For the past few weeks, I've been trying to build a little computer pinball game. I enjoy playing pinball--though I'm terrible at it--and I'm fascinated by how combining and arranging several basic play systems within a constrained physical environment can provide such a wide variety of interesting experiences. I searched the web for build-your-own-pinball software, but couldn't find anything suitable. There are a couple of full-featured 3D community-supported pinball simulation packages out there, but they're aimed more at hardcore users who are willing to suffer through complex and painful configuration and installation processes. I wanted a tool I could use to build an easy-to-install pinball game without any worries about licensing or dependencies.
The game development system I've settled on is Godot. Licensing for Godot is attractive--free to use and free to distribute your projects--and the software itself is open-source. It comes with a level editor and physics engine, which means it's easy for me to just plunk down game objects on the screen and configure them to bounce around the screen. The challenge, of course, is getting the motion of the ball just right. I'm still tweaking parameters like gravity and bounce and inertia to get the game to feel more or less like a proper pinball game.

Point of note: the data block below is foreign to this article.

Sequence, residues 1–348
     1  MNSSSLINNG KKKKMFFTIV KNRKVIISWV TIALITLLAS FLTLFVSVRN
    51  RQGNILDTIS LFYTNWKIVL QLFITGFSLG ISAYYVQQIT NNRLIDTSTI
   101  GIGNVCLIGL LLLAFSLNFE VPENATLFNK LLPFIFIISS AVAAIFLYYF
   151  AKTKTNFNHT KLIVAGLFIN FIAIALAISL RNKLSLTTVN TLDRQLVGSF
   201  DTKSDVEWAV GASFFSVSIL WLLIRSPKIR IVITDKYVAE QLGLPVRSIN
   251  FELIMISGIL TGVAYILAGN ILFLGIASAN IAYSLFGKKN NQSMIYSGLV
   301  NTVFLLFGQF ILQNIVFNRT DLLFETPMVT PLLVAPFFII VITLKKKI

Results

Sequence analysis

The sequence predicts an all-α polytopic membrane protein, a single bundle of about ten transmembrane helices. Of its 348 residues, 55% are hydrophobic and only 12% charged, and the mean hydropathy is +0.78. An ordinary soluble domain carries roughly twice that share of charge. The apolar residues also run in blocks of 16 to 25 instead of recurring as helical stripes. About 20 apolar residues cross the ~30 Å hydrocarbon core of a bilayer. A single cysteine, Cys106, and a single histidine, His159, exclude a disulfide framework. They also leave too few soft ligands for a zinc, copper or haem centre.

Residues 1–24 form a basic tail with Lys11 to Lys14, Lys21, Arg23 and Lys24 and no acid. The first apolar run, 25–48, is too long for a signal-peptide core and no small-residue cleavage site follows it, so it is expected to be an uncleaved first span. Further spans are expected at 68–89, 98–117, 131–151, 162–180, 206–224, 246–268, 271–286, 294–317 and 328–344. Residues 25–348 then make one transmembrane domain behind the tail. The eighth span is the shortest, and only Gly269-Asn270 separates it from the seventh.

For game assets, I'm using Inkscape to draw table elements and I'm using Krita to create pixel art for my simulated dot-matrix display. These are both open source projects, and they're both fantastic.
As of now, my game isn't as pretty as I'd like, but it's functional. From this point I need to work on a list of bug fixes and subject the game to a bunch of testing to confirm that all my special events and mini-games are working as expected. I'm hoping this breaks a long streak of me starting to write computer games and never finishing them.
Mary Lynn and Pam have made substantial progress on their own project: the aquaponics system in the greenhouse.
The bell siphon is correctly draining and filling the grow beds, and a bunch of stuff is already planted. The fish aren't living here yet, but that's coming soon.
To close this blog post, here's a morning bike ride photo that would make Clark Kent homesick:
And an evening bonfire under the moon: